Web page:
Bayonets for Sale: Design Types and Features

Bayonets for Sale: Design Types and Features

Jun 25th 2024

Modern bayonets, which take their name from the French “bayonette,” and are the result of centuries of distillation and refinement. It’s not clear exactly how long bayonets have been fixed to the muzzles of long arms and used as a secondary weapon, but throughout history, designs in bayonets have evolved significantly.

Here are some of the major styles of bayonets that have been used across the centuries.

Plug Bayonets

The earliest bayonets were likely fairly primitive and most likely of a style known as “plug bayonets.” The early shoulder mounted arms around which they were designed were also primitive and lacked any sort of specialized hardware for mounting or securing a blade at the muzzle end, so the bayonets were simply made with rounded handles and designed to be inserted directed into the muzzle of the firearm.

Plug bayonets were in use among French military forces as early as the early 1600s, during the Thirty Years War, and there are aspects of such a design that are naturally amenable. They can be used with any compatible firearm with a bore of adequate diameter and are simple in design.

However, the drawbacks are obvious: for one, the weapon cannot be fired with the bayonet fixed, and on top of that, there is no way to actively secure such a style of bayonet to the muzzle.

Socket Bayonets

                    Bayonets for Sale

The problems with early plug bayonets, and the limitations they imposed on the users, made innovation necessary. The next iteration in bayonet design came in the form of a socket bayonet.

Though there is more than one type of socket bayonet, the principle and overarching design are the same. The blade is designed to be offset, and contains a collar that can be threaded, twisted, or pushed onto the muzzle of the weapon. Lugs typically secure the bayonet.

This design allows the user to load and fire the weapon with the bayonet fixed, offering much greater utility and versatility in engagements. Early socket bayonets had a tendency to disengage from the weapon, leading innovators to improve the designs with lugs and other locking mechanisms that prevent unintentional separation. By the 1700s, most European military forces had migrated away from plug bayonets in favor of socket bayonets.

Sawback, Trowel and Spade Bayonets

One class of bayonets that might be termed “multi-use” or “multi-purpose” bayonets consists of a class of designs that incorporate multiple different design features to maximize utility - sort of making them a bit like multi tools.

Some bayonets were designed with a spine that sported saw teeth, giving the tool the ability to double as a saw for cutting wood and other coarse materials. This style is associated with some German models that were used during the First World War, but their unpopularity - on both sides of the front - led to them being replaced.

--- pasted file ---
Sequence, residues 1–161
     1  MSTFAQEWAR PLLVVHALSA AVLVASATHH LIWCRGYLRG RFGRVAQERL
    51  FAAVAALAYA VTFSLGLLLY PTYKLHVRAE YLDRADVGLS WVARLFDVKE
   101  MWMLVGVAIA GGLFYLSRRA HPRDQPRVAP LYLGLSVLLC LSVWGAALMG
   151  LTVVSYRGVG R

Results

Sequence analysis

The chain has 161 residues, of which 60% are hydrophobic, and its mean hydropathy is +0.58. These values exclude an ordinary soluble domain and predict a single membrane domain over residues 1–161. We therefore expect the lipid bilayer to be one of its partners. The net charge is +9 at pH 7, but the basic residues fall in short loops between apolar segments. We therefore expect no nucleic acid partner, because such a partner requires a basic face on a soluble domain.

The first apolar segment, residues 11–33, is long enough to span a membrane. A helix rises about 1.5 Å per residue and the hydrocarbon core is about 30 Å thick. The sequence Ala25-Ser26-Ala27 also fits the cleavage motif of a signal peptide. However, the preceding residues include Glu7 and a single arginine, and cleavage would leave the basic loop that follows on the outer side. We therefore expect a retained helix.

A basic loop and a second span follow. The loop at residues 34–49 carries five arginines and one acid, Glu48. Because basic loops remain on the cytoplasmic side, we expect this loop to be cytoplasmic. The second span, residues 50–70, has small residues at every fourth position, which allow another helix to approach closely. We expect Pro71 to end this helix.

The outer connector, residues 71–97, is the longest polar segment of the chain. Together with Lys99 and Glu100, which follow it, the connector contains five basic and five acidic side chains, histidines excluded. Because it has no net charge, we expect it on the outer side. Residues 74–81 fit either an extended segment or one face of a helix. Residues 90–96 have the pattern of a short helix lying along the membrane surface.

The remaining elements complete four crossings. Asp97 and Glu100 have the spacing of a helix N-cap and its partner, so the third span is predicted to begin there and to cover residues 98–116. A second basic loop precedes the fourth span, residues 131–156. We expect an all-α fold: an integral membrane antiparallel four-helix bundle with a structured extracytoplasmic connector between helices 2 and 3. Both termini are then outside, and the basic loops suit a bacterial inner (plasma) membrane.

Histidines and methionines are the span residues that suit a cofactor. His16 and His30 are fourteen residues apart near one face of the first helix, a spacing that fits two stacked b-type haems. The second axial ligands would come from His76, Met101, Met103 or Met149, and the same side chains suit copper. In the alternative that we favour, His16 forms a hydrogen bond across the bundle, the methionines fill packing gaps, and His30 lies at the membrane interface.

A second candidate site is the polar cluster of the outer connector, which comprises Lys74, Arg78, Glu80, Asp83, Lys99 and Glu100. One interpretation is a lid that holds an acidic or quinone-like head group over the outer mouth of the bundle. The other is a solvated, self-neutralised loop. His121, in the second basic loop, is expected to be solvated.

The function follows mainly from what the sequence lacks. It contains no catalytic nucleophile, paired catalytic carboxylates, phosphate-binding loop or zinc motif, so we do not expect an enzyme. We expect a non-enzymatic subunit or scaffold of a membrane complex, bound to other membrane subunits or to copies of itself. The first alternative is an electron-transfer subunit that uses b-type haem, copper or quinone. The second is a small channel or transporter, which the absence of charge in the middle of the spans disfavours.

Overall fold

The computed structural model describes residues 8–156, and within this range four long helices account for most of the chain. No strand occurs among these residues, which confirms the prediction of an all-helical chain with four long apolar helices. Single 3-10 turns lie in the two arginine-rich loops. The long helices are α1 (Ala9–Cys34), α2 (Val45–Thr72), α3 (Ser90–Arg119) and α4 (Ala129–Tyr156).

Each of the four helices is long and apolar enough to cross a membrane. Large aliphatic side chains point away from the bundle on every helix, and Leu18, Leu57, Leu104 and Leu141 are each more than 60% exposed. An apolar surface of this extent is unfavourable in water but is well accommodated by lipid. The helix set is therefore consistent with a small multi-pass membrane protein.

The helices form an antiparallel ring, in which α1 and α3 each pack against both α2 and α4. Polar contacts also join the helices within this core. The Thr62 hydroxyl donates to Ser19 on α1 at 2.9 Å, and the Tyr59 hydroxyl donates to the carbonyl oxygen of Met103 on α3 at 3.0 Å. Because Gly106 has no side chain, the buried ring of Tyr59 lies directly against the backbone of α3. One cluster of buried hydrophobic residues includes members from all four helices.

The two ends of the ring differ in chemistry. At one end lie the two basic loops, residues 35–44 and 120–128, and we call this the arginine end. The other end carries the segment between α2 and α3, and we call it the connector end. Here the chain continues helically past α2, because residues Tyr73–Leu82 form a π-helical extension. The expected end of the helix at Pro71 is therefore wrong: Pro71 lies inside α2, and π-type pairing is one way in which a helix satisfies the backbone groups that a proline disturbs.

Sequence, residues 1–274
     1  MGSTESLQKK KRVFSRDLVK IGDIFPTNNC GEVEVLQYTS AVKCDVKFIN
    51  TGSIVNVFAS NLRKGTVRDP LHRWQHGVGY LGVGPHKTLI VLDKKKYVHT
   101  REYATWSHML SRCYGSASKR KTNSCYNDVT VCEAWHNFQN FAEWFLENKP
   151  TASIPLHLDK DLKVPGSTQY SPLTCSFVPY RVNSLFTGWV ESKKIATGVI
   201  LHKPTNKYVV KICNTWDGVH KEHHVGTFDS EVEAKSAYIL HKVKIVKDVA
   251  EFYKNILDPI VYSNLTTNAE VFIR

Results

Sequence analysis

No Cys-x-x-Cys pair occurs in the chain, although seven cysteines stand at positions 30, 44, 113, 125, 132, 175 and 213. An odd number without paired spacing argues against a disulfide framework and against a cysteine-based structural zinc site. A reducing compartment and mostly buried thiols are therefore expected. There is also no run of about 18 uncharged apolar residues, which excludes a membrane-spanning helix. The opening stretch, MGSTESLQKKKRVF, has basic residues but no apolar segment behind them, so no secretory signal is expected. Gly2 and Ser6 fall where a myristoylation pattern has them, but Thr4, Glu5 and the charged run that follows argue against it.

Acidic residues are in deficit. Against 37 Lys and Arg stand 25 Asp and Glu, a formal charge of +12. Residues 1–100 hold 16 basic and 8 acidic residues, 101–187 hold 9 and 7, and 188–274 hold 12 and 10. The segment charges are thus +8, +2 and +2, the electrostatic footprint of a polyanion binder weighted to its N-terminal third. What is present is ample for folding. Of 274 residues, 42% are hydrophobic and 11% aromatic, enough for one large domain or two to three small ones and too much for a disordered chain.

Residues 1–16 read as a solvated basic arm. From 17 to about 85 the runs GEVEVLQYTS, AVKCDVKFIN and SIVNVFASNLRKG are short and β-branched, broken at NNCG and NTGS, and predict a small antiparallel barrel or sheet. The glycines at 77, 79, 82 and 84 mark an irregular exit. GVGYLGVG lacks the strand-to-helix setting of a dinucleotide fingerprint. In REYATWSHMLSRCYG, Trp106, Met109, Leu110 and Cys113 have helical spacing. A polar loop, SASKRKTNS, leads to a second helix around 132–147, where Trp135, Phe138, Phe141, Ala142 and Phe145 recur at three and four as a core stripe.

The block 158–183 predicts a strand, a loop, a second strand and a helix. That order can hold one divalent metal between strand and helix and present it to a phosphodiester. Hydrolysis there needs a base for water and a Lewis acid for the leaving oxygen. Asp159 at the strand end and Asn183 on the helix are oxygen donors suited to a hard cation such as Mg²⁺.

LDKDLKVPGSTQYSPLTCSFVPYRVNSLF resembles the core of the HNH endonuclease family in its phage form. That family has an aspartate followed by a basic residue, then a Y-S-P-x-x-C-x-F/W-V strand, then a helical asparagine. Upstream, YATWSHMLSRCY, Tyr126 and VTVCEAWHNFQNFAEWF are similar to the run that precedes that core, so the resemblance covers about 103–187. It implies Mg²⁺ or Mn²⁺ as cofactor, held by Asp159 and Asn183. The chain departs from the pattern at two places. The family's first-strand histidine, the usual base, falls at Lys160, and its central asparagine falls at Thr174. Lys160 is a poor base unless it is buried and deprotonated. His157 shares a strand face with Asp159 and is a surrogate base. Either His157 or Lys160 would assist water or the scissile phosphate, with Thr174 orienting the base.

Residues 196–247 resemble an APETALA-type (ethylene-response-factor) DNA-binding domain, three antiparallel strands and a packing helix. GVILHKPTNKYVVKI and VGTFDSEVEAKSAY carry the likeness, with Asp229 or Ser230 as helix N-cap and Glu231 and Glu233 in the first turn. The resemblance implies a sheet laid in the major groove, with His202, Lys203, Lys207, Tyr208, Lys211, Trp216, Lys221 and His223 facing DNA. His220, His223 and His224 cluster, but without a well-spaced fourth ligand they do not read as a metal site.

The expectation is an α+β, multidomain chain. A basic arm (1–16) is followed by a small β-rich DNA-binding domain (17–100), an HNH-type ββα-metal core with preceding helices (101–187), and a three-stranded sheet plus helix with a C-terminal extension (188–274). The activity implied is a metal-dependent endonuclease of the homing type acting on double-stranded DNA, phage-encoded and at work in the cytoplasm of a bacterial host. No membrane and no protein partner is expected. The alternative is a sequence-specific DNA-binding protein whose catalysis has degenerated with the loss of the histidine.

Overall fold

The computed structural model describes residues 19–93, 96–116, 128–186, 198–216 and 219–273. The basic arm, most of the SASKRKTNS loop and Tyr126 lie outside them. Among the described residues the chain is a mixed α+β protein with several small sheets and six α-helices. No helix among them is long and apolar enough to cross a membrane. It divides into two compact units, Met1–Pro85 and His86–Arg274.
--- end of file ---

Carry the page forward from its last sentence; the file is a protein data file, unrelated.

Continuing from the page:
Another style of bayonet is known as a spade or trowel-style bayonet, the design of which is wide, blade, and shovel-like. These bayonets were intended to double not only as offensive weapons but also as entrenching tools. One design, the U.S. Model 1873, was a trowel-style bayonet that had multiple use cases; however, due perhaps to its overspecialization, the design was considered obsolete only a short time later.

Sword Bayonets

As bayonets evolved, many countries experimented with longer and longer designs that came to be known - for obvious reasons - as sword bayonets.

Many bayonet designs from the late 1800s and early 1900s, such as the U.S. M1905, the French Model 1886 Epee bayonet, the German M1898, and the Japanese Type 30 Arisaka bayonet, were sword bayonets.

The concept behind the design of sword bayonets was not only that they offered extra reach (and they did) but that they could be detached from the weapon and, since they usually possessed a full hilt or handle, could be used in hand-to-hand combat.

The main issue with sword bayonets was that, in close quarters (such as in the trench warfare along the Western Front of the First World War) they proved wildly impractical. Their use resulted in overall lengths that were far too great to be used effectively in cramped spaces, leading most of them to be phased out (or modified) in favor of knife bayonets - which constitute most of the modern bayonets in issue around the world today.

Knife Bayonets like the M1 Bayonet

Knife bayonets, as the name might imply, are shorter than sword bayonets and when detached from the weapon with which they are compatible look no different from most other fighting knives.

The designs of some knife bayonets actually stem from the designs of predecessor sword bayonets. For instance, the M1905, which had a 16” blade, was redesigned and reissued with a blade ground down to 10” as the M1 bayonet, which was compatible with the M1 Garand.

Knife bayonets like the M1 bayonet are lighter, more nimble, better in close quarters engagements, and when detached from the rifle, more versatile. Like sword bayonets, most knife bayonets maintain a full hilt, making it possible to use the tool as a fighting knife, utility knife, or for many other applications.

                   Bayonets for Sale

Looking for a Specific Bayonet for Sale?

SARCO, Inc. carries a wide range of militaria including bayonets for sale, along with helmets, field gear, shooting accessories, and gun parts for military platforms. Take a look through our collection and get in touch with us at 610-250-3960 if you’re looking for something specific that you don’t see listed.